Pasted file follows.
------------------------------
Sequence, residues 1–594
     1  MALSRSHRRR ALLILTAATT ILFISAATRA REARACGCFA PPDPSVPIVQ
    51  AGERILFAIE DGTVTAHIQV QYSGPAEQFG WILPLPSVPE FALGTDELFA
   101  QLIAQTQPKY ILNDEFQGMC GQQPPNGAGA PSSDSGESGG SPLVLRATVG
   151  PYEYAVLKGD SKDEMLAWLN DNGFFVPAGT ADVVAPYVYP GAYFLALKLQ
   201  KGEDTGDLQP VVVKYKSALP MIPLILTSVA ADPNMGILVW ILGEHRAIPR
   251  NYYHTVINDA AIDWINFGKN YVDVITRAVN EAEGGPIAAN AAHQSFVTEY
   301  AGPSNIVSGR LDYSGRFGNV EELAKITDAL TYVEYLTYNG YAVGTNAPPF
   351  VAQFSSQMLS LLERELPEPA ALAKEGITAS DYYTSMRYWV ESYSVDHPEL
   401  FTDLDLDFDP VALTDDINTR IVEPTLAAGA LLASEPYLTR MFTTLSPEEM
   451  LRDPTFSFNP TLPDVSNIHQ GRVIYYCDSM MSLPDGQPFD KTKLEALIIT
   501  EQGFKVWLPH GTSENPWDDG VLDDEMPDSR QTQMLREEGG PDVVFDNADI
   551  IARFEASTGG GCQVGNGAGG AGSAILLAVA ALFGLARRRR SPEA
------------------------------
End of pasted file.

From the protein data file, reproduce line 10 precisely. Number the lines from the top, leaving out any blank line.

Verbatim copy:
   401  FTDLDLDFDP VALTDDINTR IVEPTLAAGA LLASEPYLTR MFTTLSPEEM